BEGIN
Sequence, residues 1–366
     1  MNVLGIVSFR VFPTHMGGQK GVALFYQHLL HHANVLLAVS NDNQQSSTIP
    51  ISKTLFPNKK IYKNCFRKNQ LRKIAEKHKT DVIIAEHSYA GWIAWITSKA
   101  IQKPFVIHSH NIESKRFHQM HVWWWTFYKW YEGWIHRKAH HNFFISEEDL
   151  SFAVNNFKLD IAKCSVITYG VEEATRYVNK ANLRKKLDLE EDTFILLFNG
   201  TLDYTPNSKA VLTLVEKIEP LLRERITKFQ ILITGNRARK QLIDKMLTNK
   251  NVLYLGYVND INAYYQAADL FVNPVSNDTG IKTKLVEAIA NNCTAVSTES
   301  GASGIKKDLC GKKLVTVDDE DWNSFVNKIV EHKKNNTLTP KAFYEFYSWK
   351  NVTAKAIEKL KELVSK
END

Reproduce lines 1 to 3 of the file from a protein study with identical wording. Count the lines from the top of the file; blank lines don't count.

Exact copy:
Sequence, residues 1–366
     1  MNVLGIVSFR VFPTHMGGQK GVALFYQHLL HHANVLLAVS NDNQQSSTIP
    51  ISKTLFPNKK IYKNCFRKNQ LRKIAEKHKT DVIIAEHSYA GWIAWITSKA